Marijuana was prescribed for various pain-relieving and mood-altering conditions such as nausea, labor pains, and rheumatism. A score of medical papers were published in this era flaunting the curing abilities of cannabis, and even the personal physician of Queen Victoria, Sir John Russell Reynolds, announced cannabis as having amazing powers to treat painful maladies. It was sold openly and was easily available in public pharmacies. However, during this time, marijuana was also starting to be used more often as an intoxicant. The recreational use of marijuana started on a small scale in the late 19th century in the northeastern United States with the opening of many Turkish smoking parlors.

It was also during this time that about two to five percent of America’s population had unknowingly become addicted to morphine as most over-the-counter medicines contained levels of the substance. Among the addicts were soldiers, businessmen, housewives, and children. In response, the American government passed the Pure Food and Drug Act in 1906 and formed the Food and Drug Administration (FDA) in part to help counter and control the addiction situation. The law, though not targeting marijuana specifically, also required cannabis -based medications to have its contents mentioned on the label.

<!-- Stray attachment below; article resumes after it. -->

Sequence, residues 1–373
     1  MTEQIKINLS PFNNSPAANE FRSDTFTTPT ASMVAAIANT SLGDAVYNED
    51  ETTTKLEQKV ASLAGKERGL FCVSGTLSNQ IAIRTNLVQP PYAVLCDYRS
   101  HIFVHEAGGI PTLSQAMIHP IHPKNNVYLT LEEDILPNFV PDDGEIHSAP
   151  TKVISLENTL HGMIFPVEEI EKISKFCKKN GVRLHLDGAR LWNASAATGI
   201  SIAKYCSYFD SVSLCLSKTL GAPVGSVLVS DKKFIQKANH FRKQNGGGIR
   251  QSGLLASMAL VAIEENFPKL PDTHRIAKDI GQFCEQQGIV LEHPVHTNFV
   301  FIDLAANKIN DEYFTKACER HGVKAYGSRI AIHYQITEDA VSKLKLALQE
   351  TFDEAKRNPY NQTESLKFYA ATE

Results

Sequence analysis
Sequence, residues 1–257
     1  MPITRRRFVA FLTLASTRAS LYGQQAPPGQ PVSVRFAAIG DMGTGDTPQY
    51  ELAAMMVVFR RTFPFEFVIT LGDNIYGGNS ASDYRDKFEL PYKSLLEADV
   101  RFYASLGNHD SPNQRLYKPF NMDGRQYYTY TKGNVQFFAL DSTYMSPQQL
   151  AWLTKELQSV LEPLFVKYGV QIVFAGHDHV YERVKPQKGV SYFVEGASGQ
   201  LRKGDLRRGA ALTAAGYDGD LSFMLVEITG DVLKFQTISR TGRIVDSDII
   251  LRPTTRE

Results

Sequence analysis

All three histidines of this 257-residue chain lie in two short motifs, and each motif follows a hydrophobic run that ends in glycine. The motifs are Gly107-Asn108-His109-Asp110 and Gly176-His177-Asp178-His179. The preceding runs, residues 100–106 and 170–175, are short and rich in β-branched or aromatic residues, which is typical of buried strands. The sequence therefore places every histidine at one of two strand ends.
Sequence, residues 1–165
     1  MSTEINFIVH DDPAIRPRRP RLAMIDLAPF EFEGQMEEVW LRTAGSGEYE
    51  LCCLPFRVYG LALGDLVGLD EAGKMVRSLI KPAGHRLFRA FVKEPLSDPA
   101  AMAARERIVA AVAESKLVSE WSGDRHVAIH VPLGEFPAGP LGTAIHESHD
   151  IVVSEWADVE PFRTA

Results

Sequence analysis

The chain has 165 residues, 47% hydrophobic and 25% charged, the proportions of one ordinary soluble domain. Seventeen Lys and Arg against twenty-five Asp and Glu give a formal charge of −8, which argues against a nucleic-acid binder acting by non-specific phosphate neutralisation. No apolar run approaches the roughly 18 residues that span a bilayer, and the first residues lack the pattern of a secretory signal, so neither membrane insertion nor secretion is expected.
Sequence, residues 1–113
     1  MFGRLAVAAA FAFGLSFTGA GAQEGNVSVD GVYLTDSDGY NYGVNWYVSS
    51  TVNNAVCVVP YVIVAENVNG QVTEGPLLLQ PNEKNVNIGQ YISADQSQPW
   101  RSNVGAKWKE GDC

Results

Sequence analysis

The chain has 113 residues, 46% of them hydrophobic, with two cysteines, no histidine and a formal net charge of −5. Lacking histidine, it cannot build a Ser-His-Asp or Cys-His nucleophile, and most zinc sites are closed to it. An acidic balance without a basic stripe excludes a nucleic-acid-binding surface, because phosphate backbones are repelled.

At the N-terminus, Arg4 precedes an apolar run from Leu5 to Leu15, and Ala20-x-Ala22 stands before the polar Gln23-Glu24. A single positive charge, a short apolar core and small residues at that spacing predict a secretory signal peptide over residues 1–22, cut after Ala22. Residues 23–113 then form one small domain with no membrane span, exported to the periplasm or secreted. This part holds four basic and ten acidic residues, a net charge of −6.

TThe Spanish-American War, and the subsequent Mexican revolution of 1910, also influenced the marijuana scene in America. During the post-revolution years there was a great influx of Mexican-Americans who mostly found work on large farms in American fields. These immigrants cultivated marijuana, which they brought with them from Mexico, and indulged in its smoking for recreational purposes. Strong prejudice against the immigrants caused many to view the plant as an addictive and violence-inducing drug that created criminals, murderers, and delinquents. Not until the 1930’s, when the Federal Bureau of Narcotics and its director, Harry J. Anslinger, began drafting a bill to tax marijuana did an all out smear campaign begin, which eventually led to its national ban. State regulation of cannabis started in Massachusetts in 1911 and in New York and Maine by 1914.

California passed the first state marijuana prohibition law in 1913, outlawing the preparations of hemp or “locoweed,” which was more a prejudiced controlling measure over the Mexican immigrant population than a controlling measure over the marijuana itself. More states came up with laws that banned marijuana, including Wyoming in 1915, Texas in 1919, and Nebraska in 1927. The states of Iowa, Nevada, Oregon, Washington, and Arkansas took this step in 1923.

Marijuana was prohibited by 29 states by 1931 due largely to the poor socio-economic conditions during The Great Depression. With unemployment at its peak, many American’s found they competing against Mexican immigrants for jobs in the fields. Consequently, Mexican workers and their associated drug marijuana became easy targets for attack. By this time, marijuana’s misleading reputation began to overshadow its historic medicinal and industrial applications.